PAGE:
Two years ago, Obama opened his argument largely based on his initial opposition to the war in Iraq, targeting a Democratic Party whose opposition to that war had grown exponentially since Howard Dean used it to propel his campaign in 2004. Now, he's closing it amidst an economic crisis and signs of a deep and lasting economic recession. In both cases, public sentiment has been strongly on his side, but is it real "change" or a case of what Alan Greenspan once called "irrational exuberance?"
Obama and his team have put together an outstanding campaign by any measure and a large part of that has been their attention paid to issues and details. They've put together a large-ranging agenda and stuck with it throughout the primaries and general election campaign. The candidate known for his high-flying rhetoric has just as often sounded like a policy wonk at times, combining minute details with his overarching theme.
The focus on the message (amplified by unprecedented media coverage and campaign spending), has put Obama well within reach of the White House. Even as there is some evidence that the race is getting closer heading into the final weekend, even normally pessimistic Democrats are finding it hard not to see the glass half full, if not spilling over.
With the economy overshadowing every other issue, Obama used his 30-minute infomercial last night to focus solely on that. The well-produced piece of political theatre was clearly aimed at connecting Obama to the concerns of everyday Americans struggling with their jobs, health care, retirement and future. For every case, Obama had a fix, some policy point or position that solves the problems voters face.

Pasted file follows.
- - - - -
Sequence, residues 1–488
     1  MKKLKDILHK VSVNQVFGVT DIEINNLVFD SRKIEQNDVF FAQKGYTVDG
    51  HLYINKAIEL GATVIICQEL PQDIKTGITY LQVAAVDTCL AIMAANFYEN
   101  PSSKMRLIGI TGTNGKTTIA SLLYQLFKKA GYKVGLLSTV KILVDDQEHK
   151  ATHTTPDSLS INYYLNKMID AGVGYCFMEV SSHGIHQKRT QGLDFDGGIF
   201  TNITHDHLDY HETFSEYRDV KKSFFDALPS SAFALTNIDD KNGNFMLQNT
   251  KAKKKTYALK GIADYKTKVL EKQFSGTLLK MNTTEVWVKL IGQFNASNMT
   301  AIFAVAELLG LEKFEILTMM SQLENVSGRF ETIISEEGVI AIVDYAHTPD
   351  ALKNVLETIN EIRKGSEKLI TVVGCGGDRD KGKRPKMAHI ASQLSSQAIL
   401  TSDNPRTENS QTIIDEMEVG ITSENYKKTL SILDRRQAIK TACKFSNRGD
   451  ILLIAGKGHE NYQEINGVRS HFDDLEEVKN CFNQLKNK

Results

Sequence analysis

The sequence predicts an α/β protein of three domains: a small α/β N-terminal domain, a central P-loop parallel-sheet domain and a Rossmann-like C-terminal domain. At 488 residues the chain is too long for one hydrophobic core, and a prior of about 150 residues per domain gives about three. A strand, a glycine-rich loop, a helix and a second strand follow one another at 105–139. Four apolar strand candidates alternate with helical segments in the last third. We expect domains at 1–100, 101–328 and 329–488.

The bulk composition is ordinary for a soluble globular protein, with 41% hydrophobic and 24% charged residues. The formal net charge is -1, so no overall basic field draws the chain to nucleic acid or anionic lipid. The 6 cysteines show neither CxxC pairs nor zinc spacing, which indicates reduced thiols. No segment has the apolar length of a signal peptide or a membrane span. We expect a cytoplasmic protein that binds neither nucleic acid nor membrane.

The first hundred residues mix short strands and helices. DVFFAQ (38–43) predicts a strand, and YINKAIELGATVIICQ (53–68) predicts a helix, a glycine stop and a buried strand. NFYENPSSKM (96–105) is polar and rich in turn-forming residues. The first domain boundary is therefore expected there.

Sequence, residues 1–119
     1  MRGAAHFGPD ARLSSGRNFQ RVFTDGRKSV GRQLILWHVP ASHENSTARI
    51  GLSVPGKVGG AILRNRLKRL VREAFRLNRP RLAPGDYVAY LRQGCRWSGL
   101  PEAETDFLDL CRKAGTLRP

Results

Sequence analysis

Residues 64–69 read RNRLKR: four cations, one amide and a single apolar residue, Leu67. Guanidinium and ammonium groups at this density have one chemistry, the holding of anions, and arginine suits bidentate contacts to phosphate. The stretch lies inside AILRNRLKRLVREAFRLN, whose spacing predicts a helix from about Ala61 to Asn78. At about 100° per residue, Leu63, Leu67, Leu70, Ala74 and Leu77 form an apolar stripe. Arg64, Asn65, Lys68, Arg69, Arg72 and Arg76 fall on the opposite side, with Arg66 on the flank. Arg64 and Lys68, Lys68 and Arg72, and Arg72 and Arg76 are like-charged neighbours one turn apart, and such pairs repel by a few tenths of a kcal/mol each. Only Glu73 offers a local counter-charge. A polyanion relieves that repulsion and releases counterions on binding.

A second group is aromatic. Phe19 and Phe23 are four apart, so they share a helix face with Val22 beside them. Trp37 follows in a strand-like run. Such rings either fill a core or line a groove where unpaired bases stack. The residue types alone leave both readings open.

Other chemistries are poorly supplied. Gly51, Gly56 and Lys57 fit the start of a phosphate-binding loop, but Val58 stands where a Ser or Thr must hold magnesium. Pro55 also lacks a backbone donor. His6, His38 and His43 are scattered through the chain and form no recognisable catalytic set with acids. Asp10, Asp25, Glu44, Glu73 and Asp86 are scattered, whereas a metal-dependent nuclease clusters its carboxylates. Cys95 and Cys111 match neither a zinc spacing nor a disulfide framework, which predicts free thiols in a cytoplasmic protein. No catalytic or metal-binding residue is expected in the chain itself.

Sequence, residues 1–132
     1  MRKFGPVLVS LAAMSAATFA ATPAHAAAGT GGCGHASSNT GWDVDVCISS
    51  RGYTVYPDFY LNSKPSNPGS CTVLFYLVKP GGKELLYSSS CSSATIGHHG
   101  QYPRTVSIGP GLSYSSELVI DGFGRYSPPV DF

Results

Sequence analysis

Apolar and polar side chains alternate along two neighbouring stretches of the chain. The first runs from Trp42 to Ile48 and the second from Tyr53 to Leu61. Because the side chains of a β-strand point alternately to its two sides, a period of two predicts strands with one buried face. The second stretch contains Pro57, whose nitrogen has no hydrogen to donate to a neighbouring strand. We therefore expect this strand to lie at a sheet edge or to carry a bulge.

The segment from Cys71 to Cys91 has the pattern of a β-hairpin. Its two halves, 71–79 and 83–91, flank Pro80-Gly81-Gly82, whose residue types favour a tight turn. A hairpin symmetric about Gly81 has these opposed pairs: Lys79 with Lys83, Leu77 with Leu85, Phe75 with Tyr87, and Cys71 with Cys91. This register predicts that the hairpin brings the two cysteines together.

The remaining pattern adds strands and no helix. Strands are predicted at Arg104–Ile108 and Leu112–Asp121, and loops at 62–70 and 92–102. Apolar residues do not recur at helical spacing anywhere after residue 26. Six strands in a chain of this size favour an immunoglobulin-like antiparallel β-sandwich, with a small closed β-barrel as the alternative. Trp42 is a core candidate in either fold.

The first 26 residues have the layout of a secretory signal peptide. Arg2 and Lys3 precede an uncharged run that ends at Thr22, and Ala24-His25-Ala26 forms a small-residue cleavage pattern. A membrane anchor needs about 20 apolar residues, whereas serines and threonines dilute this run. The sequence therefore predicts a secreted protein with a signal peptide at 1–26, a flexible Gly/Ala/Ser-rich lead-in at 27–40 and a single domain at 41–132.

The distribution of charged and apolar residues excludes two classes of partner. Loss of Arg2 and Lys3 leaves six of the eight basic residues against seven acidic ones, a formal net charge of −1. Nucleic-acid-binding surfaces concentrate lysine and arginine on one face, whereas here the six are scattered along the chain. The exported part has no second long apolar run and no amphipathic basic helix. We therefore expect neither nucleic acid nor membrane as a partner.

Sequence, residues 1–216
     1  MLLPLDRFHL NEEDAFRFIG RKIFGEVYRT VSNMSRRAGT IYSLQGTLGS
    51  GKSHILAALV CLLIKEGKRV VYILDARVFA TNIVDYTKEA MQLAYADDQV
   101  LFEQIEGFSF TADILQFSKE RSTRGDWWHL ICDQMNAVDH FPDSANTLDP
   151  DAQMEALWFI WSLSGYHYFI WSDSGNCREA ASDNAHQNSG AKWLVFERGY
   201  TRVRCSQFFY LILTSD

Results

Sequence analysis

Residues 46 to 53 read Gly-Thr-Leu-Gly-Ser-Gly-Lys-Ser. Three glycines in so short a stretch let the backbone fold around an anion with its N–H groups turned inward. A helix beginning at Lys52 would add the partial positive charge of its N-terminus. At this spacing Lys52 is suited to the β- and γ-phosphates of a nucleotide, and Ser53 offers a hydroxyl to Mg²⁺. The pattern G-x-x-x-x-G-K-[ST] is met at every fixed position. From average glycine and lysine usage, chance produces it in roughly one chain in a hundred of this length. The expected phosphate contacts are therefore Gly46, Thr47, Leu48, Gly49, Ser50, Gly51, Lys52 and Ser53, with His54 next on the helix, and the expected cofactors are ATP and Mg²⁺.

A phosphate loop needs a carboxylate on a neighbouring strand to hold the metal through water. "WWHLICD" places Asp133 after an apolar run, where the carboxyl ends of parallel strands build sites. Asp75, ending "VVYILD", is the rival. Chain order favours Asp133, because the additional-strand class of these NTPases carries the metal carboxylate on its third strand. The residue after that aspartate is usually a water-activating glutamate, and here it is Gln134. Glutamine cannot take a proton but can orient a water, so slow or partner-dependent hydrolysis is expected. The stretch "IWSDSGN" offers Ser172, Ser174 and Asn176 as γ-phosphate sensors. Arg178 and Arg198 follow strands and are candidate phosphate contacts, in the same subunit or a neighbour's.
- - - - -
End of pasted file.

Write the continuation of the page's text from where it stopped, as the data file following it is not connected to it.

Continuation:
But, as CBS News' Wyatt Andrews noted in a Reality Check following last night's ad, Obama's plans run up against reality.
"If he closes every loophole as promised, saves every dime from Iraq, raises taxes on the rich and trims the federal budget as he's promised to do 'line by line,'" Andrews writes, "he still doesn't pay for his list. If he's elected, the first fact hitting his desk will be the figure projecting how much less of a budget he has to work with - thanks to the recession. He gave us a very compelling vision with his ad buy tonight. What he did not give us was any hint of the cold reality he's facing or a sense of how he might prioritize his promises if voters trust him with the White House."
That observation amplifies the common gap between campaign promises and the hard choices that must be made after the election pomp and circumstances fade. Obama has promised a lot during this campaign, not the least of which is to "change" the country – and the world – in dramatic ways. It's a message tailor-made for this electorate after six years of war and in the midst of an economic turndown. And voters have just a few more days to decide it what Obama is offering is change they can believe in or a case of irrational exuberance.
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